In 2003, The New York Times spotlighted a small group of highly successful and educated women who left the workforce at their careers’ peak, in what it termed the “Opt-Out Revolution.”
These women declined to climb the ladder in favor of staying at home with their kids, relying on their spouses’ high salaries to pay the bills.
Ten years later, the Times returned to question whether these women had found their work-life happy endings, and found many struggling to re-enter the workforce.
At the time of the original Times article, Sheilah O’Donnel had just quit her job as a senior executive with a $500,000 annual salary. She felt pushed to the perimeters and less challenged by her work after switching to part-time, and her relationship with her husband was suffering.
Quitting didn’t solve her marital problems, and not working took a major toll on her sense of self-worth, she told the Times. Following her divorce, O’Donnel needed a means to support herself. She found a job, far lower on the ladder than the one she’d had before, that paid 5 times less, and she had to withdraw money from her old 401(k) and borrow money from her sister to survive before receiving her first paycheck.
Going Back to Work
Economist and founding president of the Center for Talent Innovation in New York, Sylvia Ann Hewlett, conducted a survey of thousands of women with graduate or bachelor’s degrees with honors in 2004 and again in 2009. Of those who took a significant amount of time off—about a third—the majority said they would have wanted to return to work sooner, and 89% of the subjects were looking to rejoin the workforce. Only 73% of them did find a job, 40% at full-time, with about 25% taking a lower-level position and a 16% average pay cut from their previous jobs.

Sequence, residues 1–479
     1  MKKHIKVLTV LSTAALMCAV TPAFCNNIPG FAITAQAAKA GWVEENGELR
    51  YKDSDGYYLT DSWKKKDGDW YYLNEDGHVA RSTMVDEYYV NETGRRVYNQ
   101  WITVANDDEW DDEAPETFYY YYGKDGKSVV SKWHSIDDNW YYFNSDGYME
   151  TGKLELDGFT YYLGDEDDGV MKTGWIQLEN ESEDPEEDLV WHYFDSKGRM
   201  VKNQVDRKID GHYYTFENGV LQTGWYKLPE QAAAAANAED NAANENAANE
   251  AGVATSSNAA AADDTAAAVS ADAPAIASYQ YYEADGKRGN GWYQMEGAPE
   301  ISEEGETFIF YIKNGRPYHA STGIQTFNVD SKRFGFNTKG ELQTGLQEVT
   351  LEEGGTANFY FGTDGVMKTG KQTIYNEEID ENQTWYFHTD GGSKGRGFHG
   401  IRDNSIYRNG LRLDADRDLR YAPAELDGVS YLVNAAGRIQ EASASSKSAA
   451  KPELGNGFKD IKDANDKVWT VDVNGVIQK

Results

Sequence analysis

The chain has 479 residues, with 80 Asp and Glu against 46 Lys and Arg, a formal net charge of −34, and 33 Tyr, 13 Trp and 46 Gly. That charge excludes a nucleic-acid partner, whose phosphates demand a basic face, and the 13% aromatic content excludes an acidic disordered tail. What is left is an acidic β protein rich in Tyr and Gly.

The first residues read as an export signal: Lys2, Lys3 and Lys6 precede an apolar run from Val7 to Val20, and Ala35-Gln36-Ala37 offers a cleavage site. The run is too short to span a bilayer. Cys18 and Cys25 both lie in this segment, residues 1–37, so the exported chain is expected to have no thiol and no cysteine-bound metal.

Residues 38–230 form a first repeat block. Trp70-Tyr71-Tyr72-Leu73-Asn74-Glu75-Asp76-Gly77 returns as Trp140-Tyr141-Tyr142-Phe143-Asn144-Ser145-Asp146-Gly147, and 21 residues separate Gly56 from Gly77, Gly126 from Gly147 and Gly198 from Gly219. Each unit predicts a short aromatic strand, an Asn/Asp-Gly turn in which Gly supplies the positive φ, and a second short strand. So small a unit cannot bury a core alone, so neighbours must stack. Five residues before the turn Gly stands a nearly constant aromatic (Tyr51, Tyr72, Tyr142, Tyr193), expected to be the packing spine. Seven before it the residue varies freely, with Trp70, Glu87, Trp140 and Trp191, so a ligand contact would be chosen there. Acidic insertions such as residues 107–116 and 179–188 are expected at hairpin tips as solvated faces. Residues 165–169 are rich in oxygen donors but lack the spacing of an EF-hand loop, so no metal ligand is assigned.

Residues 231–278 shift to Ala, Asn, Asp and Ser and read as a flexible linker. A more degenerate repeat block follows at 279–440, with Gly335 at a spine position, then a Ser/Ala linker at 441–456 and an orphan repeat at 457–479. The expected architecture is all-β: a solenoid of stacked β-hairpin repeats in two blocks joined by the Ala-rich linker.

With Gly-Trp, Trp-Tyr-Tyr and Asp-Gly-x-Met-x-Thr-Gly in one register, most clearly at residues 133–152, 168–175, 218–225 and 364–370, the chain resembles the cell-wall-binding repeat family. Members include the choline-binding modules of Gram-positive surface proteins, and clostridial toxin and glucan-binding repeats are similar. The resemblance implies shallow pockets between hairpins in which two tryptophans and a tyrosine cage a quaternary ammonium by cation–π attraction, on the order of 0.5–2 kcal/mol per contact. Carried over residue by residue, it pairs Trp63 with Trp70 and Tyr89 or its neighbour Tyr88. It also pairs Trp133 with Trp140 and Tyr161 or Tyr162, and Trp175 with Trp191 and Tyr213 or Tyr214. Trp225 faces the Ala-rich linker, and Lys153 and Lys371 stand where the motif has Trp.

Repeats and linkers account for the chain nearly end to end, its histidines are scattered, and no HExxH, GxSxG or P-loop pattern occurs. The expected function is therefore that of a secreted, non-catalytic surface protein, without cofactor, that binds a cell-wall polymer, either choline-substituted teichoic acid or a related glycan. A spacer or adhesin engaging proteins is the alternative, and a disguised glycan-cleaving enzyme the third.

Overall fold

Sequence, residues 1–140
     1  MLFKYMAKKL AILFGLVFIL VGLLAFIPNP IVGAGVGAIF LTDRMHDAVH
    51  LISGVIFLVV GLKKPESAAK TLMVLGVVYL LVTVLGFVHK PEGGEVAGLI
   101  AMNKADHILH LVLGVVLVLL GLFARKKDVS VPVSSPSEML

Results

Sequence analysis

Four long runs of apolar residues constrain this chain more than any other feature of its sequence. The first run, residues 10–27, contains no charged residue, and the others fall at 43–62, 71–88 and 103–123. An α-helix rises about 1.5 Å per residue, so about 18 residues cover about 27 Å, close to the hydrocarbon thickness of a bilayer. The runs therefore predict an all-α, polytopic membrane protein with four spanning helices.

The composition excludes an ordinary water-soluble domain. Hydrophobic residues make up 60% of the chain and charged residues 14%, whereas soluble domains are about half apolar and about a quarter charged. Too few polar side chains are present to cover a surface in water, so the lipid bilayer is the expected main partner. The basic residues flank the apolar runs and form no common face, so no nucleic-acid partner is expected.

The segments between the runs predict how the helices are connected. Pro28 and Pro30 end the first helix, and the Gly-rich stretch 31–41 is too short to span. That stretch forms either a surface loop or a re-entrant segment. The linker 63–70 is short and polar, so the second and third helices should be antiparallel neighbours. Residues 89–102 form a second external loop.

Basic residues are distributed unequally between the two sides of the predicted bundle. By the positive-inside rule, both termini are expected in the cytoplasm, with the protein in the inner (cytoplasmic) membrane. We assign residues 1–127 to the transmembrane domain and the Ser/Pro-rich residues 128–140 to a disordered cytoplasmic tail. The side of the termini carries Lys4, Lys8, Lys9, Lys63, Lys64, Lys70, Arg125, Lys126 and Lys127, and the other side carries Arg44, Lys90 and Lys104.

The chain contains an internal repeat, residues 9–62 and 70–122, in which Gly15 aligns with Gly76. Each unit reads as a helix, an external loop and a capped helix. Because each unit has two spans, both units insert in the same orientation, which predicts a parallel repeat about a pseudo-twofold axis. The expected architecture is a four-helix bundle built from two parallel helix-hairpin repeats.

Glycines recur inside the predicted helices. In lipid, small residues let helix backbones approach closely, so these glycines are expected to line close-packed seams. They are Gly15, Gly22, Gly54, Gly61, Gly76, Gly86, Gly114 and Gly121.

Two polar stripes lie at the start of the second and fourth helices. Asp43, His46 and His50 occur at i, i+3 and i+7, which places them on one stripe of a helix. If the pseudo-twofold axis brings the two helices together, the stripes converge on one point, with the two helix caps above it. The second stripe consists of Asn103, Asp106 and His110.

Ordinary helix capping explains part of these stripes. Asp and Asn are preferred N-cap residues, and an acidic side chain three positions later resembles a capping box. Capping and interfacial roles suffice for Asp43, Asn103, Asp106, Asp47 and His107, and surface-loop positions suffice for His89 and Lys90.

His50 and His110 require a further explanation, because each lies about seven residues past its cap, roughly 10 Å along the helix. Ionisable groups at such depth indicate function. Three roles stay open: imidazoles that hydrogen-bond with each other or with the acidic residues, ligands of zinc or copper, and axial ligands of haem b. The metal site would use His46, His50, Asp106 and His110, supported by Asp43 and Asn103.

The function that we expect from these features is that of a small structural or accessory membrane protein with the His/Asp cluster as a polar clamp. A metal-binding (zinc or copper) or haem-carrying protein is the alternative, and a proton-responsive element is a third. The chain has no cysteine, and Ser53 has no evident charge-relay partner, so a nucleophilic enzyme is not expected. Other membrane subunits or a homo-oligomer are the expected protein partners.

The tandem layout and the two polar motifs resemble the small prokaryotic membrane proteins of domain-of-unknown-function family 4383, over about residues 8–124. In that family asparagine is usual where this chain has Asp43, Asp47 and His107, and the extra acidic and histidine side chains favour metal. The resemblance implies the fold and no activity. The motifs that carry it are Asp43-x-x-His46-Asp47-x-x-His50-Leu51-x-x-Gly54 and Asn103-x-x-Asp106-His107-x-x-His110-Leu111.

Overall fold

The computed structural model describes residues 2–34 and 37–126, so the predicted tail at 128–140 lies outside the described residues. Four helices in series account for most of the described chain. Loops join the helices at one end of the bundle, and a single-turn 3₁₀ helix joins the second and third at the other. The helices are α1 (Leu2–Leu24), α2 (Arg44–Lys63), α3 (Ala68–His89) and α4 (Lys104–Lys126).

Earning Less but Living More?
According to the Times, the most highly educated, wealthy and elite class of women who opted out were readily able to find jobs, though they earned less. Still, these women said they found the jobs more fulfilling and suited to better work-life balance than the high-powered jobs they had before they left to raise a family.
Lisa Belkin, who authored the 2003 Times piece, reconnected with some of the women she had interviewed. For at least one, “The world had changed in her favor; the part-time work they wouldn’t give her is now what they were willing to give,” she told the Times.
At the same time, most women who returned to the workforce took jobs in more female-dominated, less competitive environments, though many had previously pursued careers in more traditionally male fields, according to a prolonged study by sociologist Pamela Stone.| Print
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